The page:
As the meeting minutes describe it:
Land Lord Complaint
o About Mr. Gupta. Would like to officially complain about him as a “SLUM LORD”.
o Residents are very concerned about the murder in one of his rentals.
“This gentleman owned a house that had a stabbing,” says Deborah Ford, the East CAC chairperson. “The neighbors were concerned, even though it was not a random act. The neighbors wanted to have a mass meeting” to discuss booting him from the neighborhood.
And they apparently did, Ford says, though she didn’t attend. (She says Councilor Eugene Weeks did; he has not yet responded to an email the INDY sent him requesting comment.) They wanted to know from the city how they could get Gupta removed from the area, Ford says.
This notion wasn’t something Ford necessarily agreed with: “When you have slumlords, they are needed just as much as a good landlord,” she told the INDY Thursday, “even though they are assholes and cause problems. Someone has to rent to people who aren’t good renters.”
Even so, the neighborhood’s problems with Gupta go back a while. (After his arrest, a few individuals circulated his mugshot on Facebook.) Here’s a story The News & Observer wrote on him in 2013:
Unrelated suspects arrested in a high-profile murder case, a kidnapping and a number of drug busts all have one thing in common: They rent from the same landlord.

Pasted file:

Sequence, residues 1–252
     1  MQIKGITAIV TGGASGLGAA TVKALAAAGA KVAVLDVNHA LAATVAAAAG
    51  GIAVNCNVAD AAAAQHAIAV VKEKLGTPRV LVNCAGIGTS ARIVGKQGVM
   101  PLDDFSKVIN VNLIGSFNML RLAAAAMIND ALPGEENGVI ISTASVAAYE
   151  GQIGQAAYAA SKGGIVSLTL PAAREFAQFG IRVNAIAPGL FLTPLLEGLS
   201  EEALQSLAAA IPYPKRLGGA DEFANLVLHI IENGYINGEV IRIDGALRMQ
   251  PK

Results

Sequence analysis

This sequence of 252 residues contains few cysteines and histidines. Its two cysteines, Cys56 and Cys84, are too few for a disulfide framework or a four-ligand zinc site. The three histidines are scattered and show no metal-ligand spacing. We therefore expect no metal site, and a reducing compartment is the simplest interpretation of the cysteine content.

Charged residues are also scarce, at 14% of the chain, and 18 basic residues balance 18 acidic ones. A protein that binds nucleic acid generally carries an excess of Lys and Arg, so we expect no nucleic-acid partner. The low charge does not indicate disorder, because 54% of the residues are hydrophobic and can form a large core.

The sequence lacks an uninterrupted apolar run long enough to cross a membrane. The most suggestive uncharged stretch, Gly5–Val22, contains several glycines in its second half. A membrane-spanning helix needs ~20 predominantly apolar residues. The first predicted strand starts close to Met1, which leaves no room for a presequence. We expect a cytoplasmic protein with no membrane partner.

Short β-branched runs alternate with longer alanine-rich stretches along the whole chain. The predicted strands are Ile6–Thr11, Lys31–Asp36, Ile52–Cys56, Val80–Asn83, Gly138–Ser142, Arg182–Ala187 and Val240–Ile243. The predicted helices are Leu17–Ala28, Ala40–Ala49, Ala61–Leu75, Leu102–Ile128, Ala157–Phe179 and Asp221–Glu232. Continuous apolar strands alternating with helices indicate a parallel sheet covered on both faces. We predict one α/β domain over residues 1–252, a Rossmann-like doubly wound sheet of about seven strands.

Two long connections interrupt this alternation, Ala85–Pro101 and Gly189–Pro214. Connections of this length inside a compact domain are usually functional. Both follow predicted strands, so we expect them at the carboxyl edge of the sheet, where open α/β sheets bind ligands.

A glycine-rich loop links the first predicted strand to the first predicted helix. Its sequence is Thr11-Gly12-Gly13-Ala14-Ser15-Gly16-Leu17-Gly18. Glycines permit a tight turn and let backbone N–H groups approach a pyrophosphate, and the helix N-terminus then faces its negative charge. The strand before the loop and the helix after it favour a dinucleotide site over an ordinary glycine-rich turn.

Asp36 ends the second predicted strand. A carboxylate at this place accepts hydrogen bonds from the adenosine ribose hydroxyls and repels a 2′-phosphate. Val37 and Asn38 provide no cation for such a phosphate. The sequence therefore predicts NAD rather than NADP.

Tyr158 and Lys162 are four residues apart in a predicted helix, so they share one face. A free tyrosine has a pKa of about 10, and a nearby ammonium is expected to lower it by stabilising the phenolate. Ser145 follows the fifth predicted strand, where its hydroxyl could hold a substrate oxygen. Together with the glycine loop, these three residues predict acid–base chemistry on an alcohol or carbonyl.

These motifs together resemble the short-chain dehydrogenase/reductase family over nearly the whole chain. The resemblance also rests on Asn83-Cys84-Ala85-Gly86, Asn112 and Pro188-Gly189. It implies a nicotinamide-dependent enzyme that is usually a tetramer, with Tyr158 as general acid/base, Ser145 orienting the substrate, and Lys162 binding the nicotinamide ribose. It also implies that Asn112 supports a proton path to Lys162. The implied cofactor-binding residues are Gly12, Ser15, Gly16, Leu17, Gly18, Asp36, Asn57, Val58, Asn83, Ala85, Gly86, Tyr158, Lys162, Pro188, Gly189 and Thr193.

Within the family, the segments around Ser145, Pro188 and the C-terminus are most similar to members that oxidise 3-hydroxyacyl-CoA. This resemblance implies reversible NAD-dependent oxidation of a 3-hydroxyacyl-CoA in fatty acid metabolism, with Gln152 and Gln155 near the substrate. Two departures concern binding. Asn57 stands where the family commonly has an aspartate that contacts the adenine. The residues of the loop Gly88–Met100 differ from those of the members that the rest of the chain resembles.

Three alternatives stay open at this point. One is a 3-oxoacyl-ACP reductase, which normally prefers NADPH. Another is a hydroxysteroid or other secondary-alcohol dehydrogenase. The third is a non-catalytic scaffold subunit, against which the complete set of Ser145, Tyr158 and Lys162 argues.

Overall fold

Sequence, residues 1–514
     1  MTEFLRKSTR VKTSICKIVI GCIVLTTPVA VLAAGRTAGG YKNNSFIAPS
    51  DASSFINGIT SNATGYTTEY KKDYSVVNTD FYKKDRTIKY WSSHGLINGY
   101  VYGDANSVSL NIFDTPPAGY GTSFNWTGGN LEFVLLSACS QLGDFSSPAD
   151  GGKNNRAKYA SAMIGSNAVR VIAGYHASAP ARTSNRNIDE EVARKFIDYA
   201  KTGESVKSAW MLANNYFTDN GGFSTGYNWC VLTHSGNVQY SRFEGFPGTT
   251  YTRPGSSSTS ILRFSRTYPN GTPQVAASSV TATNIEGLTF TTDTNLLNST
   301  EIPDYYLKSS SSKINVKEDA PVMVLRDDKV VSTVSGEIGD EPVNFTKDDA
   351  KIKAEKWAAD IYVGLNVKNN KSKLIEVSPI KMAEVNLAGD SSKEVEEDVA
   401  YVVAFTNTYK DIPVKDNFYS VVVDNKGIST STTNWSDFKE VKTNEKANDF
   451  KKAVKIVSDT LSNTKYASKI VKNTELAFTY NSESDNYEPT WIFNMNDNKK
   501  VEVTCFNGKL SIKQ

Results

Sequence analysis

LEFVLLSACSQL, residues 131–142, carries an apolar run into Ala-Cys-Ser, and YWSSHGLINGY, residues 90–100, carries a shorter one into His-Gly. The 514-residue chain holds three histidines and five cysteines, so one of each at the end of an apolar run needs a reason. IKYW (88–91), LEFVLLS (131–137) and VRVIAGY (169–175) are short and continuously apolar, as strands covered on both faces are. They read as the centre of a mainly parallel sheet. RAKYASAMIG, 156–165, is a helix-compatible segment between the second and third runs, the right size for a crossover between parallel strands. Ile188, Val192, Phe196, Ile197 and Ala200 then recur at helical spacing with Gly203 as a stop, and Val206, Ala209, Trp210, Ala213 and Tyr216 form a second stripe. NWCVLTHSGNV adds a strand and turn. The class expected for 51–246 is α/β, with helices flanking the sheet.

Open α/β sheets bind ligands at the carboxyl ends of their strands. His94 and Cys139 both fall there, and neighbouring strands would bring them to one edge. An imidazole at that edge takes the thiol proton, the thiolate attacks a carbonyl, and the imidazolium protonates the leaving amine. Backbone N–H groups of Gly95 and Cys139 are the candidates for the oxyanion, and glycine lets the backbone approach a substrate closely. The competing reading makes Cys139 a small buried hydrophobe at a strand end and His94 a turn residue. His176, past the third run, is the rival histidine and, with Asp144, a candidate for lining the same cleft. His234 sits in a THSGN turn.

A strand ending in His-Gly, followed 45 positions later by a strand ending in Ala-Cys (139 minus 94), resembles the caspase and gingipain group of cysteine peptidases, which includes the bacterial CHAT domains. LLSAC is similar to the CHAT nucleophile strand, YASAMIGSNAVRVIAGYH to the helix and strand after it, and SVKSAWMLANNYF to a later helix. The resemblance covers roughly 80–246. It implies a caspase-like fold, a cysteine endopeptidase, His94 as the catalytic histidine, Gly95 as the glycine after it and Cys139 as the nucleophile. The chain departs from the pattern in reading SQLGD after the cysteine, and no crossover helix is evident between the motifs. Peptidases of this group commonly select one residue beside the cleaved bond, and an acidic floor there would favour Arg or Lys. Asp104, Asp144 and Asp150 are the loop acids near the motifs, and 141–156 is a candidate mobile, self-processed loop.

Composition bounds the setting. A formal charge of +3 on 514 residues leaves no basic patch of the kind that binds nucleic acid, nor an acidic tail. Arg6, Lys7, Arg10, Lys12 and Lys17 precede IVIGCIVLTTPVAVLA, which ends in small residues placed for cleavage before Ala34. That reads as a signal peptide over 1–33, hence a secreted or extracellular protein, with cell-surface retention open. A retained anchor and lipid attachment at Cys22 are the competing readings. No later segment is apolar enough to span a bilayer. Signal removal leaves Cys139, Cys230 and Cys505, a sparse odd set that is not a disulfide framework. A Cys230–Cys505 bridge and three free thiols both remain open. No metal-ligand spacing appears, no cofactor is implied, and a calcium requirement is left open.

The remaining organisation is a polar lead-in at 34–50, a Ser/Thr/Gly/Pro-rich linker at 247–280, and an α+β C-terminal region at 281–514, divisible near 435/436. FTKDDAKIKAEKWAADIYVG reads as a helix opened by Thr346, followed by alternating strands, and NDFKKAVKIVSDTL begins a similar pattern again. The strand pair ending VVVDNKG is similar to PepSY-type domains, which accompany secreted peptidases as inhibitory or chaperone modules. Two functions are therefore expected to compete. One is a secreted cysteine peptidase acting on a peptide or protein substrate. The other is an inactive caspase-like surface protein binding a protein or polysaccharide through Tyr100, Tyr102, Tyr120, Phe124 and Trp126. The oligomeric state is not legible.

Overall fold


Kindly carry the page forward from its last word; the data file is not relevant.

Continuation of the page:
Bhola Gupta and his family business, Rhoda Realty, own more than 100 rental homes around Raleigh, mostly in working-class neighborhoods inside the Beltline. Neighbors of Gupta properties say his failure to screen potential tenants has brought crime and other issues to otherwise quiet communities. They’re submitting a petition to the Raleigh City Council to have one of his properties on Rumson Road in East Raleigh declared a nuisance.
“There’s yelling in the yard, cursing at each other,” said Ty Bumgardner, who lives on Rumson. “You’ll get the activity that looks drug related. … Half the time, the place looks like a used car lot.”
For his part, Gupta says he does his best to keep crime out of his rentals. “Anytime I get police reports – any kind of crime, arrest, theft – I immediately evict them,” he said.
This post will be updated as more information becomes available.